Also, certain individuals are more or less amenable to participating in blind/masked comparison testing, so you use multiple subjects. Likewise, their mental state can vary from day to day, so you conduct multiple trials.

Agreed that level matching (of electronics at least) is a simple process - but do your reviewers always (or ever) do it? With digital disc players and DACs it's not uncommon for the output from a 0dBFS input to exceed a nominal 2.0V level.

Continued interest in Stereophile is because you still conduct and publish the results of objective tests. For example, I'd prefer to spend $3K (or $6K for a bridged pair) for an amp that measures like the Benchmark AHB-2 rather than an order of magnitude more for this particular one, whose measurements, IMO, leave significant room for improvement.

mauidj's picture

when I read stuff like this...

"I also began to realize that while my reference Pass Labs XA 200.8 monoblocks sound gorgeous, and convey a special glow around the edges of each note, the Progressions illuminated each note from within."

Is it just me?

JoeinNC's picture

No, it’s not just you.

supamark's picture

he has synesthesia. I do, and sounds have palpable textures to me with some visual as well. For example, in a nice live hall, reverb tends to have an enveloping syrupy quality to me (denser reverb, thicker syrup) with a bit of visual glow (color and intensity dependant on how bright and dense respectively the reverb is).

Maybe you're simply mocking what you don't understand, and that's really not a good look.

tonykaz's picture

The Electro stuff was gorgeous sounding, I don't know why, I'm an engineer, my partner was an engineer.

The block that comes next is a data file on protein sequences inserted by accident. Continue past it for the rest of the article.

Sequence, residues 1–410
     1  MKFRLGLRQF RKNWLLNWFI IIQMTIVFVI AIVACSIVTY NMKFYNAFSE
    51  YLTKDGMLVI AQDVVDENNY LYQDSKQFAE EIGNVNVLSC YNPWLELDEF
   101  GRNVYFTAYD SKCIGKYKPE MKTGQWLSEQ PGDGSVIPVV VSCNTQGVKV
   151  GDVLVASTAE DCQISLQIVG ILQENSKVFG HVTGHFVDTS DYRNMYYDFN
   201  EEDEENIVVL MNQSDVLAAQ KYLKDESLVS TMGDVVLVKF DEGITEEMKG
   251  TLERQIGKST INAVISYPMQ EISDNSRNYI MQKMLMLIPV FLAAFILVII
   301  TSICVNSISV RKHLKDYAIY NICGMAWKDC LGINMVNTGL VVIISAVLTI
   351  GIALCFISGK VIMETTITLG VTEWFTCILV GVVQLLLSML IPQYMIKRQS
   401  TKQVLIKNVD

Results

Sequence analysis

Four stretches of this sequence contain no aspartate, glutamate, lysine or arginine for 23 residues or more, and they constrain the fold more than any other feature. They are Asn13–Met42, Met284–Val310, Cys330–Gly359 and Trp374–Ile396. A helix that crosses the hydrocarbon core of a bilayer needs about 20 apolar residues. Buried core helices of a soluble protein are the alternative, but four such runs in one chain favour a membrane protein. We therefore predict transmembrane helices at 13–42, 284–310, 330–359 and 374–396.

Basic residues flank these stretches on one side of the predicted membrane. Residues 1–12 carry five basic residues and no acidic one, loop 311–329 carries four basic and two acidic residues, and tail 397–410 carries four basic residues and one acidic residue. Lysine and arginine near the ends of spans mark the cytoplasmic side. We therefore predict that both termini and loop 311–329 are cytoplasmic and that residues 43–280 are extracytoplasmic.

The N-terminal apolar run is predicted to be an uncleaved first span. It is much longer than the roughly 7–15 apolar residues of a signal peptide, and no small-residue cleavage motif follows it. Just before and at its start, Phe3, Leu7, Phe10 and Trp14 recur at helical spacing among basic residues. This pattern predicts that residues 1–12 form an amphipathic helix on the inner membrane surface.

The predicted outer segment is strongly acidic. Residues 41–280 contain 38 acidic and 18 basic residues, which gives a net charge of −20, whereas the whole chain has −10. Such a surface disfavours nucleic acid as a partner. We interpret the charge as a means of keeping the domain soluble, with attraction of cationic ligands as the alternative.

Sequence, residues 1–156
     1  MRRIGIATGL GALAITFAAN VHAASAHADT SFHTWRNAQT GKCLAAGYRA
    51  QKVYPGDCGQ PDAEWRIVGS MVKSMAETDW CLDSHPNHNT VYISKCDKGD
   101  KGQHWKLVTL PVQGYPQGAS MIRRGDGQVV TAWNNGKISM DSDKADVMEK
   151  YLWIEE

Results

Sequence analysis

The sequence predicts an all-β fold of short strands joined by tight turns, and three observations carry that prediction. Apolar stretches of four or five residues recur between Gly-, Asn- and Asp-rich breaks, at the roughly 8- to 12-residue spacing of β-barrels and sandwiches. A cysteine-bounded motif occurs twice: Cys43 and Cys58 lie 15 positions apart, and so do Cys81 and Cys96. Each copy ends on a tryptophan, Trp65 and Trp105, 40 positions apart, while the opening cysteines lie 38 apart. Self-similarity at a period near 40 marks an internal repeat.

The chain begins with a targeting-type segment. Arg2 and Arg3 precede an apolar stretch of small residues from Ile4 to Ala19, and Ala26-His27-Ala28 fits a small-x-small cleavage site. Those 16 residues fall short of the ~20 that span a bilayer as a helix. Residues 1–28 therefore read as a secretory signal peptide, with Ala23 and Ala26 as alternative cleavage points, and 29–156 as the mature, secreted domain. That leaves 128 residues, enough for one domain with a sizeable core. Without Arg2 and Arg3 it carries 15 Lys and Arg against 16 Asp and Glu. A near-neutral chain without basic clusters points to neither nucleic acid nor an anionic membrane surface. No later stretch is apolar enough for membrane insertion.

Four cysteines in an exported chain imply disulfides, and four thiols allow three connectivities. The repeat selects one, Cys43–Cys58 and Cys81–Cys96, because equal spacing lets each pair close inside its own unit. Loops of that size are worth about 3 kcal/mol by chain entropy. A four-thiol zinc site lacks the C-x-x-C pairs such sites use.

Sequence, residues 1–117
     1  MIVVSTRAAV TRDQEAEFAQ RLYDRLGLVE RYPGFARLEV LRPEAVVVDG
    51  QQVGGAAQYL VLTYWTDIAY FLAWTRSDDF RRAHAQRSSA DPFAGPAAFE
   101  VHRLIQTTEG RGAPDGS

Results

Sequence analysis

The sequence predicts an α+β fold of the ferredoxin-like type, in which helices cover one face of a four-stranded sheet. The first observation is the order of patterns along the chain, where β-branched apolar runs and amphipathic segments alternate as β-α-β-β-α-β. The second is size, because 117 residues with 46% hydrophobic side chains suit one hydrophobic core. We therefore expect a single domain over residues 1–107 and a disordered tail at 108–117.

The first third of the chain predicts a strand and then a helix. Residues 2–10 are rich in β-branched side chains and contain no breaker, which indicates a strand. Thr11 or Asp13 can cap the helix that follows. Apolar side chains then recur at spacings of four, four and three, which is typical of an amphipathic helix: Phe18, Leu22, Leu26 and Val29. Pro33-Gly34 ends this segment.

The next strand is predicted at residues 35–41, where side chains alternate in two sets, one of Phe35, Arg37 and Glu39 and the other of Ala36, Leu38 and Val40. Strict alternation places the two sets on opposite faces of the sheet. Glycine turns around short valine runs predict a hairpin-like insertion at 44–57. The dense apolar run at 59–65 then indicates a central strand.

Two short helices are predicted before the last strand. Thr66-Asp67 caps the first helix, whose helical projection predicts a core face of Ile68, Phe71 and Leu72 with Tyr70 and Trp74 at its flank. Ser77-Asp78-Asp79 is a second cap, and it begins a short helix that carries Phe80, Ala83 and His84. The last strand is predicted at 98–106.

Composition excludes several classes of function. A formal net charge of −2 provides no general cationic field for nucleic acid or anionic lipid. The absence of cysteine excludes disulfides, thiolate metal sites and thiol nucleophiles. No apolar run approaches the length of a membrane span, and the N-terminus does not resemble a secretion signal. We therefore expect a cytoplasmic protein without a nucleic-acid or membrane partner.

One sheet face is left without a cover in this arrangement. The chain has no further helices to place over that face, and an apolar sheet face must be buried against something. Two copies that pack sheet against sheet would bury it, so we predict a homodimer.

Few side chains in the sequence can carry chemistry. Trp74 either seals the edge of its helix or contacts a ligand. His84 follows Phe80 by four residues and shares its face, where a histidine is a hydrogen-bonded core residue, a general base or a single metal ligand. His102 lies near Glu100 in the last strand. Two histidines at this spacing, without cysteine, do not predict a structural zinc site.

But that Electrocompaniet could make our big Thiel CS3 play beautifully, much more beautifully than any other gear we ever got our hands on.
We couldn't get the Krell stuff but I had access to the Krell people who supplied me with the Koetsu Phono Cartridges. The only Electro Sales I lost were to Krell Amps.
Even Michael Jackson and Quincy Jones were Electocompaniet lovers.

Gosh darn it, some electronics make your music system sound superb. Now, we are realizing PrimaLuna stuff is like that. Go figure.

There's mediocre ho-hum stuff and there's certain pieces that are way too good to be true but true they are.

A good way to tell which is which is to look at eBay used prices for gear. The Krell stuff holds it's price well, so does Schiit stuff.

Tony in Michigan

ps. I'm waiting to learn if Jason decides to have this pair of Amps or keeps his Pass

foxhall's picture

My very first exposure to high end audio was in the mid 1990's and the system a very popular combination of Apogee, Krell and Wadia. I remember the owner remarking he preferred 3 hours of warm up for his Krell amplifiers.

Has the optimal warm up time decreased with innovation? Do you think there will ever be a time when A/B amplifiers won't need warm up time?

Do some manufacturers include warm up best practices in their manuals? My Parasound Halo gear manuals don't include this type of information so I was just wondering.

Johnny2Bad's picture

Thank you, thank you, thank you Jason for your written words "...The Progression's enclosure and chassis—in this case, the same thing—is machined from a solid billet of aluminum. ..."

Finally, a journalist who gets it ... I tire of reading, in audio and other pursuits, of a product described as "billet aluminum". A billet of aluminum is a lump of metal. There is no reason to purchase one unless a lump of metal was what you wanted in the first place, versus a functional, machined device, and they can be had at much lower cost at your metal supplier versus your audio vendor or automotive performance parts reseller.